2020 was supposed to be a boom year for renewable energy. The COVID-19 pandemic delayed that boom for obvious reasons, but the record-setting first half of 2021 has shown us that, while new renewable installations may have been pushed down the road, the demand has not actually waned.
Instead, renewable energy – led by solar – is emerging from the pandemic stronger than ever, and the solar industry, in particular, is set to continue accelerating and chipping away at the dominance of fossil fuels in a post-COVID world.
- 2020 was a bad year for solar sales and installations, but delayed projects have come back online in 2021, setting records in Q1.
- The inherent problems with fossil fuels have not changed, so any delays in solar adoption, like the one seen with the COVID-19 pandemic, are temporary in nature.
- Solar panels are 2.5x more efficient than they were just six years ago and over 66% cheaper than they were in 2009.
- Near-zero interest rates make solar projects more accessible than ever and should remain where they are throughout 2022.
The Inherent Problems with Fossil Fuels Have Not Changed
The biggest driving factor in the reestablishment of solar and renewable energy’s acceleration is the fact that nothing has really changed. The pandemic made it inconvenient or impossible for many to complete planned installations due to financial hardships, but the reasons behind those installations still hold true.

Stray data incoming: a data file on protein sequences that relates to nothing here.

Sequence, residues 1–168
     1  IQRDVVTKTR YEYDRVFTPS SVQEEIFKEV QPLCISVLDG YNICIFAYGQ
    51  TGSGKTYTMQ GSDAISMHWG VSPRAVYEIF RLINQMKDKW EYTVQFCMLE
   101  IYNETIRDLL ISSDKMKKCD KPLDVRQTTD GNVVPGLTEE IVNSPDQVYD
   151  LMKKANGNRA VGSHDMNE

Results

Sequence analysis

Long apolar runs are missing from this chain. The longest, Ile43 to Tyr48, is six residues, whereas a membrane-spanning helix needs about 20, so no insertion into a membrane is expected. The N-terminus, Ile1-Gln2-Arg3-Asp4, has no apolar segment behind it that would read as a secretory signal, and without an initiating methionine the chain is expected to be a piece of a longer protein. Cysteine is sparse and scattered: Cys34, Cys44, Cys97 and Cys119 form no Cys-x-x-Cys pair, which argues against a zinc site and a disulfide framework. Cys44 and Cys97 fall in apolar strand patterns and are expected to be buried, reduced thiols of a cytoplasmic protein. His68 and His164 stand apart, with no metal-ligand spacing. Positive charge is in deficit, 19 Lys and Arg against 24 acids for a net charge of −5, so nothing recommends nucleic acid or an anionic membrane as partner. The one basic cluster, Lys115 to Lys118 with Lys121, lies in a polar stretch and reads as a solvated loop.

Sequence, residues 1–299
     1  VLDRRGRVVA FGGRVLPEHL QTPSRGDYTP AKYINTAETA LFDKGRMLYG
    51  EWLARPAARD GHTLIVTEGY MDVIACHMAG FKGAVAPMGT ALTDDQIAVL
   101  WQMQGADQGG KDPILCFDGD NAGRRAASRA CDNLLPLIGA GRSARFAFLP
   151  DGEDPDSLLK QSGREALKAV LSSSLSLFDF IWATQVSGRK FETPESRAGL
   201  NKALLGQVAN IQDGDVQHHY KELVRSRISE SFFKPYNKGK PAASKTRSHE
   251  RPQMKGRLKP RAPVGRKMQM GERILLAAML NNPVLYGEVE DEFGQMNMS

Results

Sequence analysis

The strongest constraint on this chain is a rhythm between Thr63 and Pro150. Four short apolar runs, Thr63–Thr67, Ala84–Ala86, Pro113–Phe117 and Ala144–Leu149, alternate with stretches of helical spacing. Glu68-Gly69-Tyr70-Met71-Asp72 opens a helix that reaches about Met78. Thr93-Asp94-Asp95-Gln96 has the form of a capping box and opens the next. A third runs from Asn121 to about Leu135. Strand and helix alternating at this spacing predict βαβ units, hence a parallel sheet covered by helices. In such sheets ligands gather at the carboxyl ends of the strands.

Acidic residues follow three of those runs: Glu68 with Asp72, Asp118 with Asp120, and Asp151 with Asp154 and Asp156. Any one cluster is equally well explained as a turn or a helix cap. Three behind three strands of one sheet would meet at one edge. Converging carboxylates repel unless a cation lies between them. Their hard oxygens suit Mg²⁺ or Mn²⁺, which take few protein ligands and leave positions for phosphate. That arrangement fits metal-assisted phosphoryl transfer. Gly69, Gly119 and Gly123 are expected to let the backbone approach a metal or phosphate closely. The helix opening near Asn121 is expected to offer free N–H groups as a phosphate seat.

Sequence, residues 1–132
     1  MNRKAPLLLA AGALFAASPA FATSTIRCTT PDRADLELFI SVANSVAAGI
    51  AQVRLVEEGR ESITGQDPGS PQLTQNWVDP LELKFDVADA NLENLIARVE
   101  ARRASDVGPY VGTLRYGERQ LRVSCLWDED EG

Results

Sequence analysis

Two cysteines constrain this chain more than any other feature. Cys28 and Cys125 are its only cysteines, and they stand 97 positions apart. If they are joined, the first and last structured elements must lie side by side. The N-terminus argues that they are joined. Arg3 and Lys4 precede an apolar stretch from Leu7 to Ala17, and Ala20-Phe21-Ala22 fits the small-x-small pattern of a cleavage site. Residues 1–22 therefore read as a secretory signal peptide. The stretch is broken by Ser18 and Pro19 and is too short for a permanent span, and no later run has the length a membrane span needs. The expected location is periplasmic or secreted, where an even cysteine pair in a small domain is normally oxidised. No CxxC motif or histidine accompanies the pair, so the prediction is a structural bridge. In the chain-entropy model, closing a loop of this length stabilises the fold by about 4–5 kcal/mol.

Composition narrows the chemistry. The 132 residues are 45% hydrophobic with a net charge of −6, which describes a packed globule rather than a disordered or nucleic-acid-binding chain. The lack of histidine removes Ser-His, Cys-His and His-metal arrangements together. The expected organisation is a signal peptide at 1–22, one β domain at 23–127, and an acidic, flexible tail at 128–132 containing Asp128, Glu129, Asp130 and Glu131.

Fossil fuels are still dirty, and they’re still finite. Once the pandemic has receded and the economy stabilizes, the companies and homeowners looking to free themselves from those problems won’t hesitate to go forward. The booming first quarter of 2021 makes that clear, as a glut of delayed solar projects from 2020 all hit at once, sending new power generation through the roof.
Solar is Rapidly Becoming Cheaper and More Cost-Effective
Like all other advanced technologies, solar panels have fallen in price rapidly while becoming far more efficient. In 2009, solar panels cost $8.50 per watt. A 1,000-watt home installation would’ve cost $8,500. Today, that same installation would cost just over $2800.
At the same time, new solar panel prototypes are pushing almost 45% efficiency, compared to just over 18% as recently as 2015. In short, people today are getting way more power for their buck. Combine that with trends like the emergence of electric vehicles, and we’re heading towards a point where it won’t make sense not to have a solar installation in all but the gloomiest of climates.
Favorable Interest Rates Make Solar More Accessible than Ever
Finally, with the Federal Reserve indicating that interest rates will remain near 0% through 2022, and any increase after that being gradual in nature, financing solar projects is more accessible than ever. Access to capital combined with ever-shortening breakeven timeframes makes it an ideal time for homeowners and businesses alike to take the plunge on solar. As a result, the industry should continue to see strong growth all throughout 2021 and 2022, and likely well beyond.
The global COVID-19 pandemic was as painful a time for solar companies as it was for businesses in any other industry, but while sales and installations ground to a near-halt in 2020, the good news is industry and economic trends mean 2021 and beyond should usher in explosive growth.
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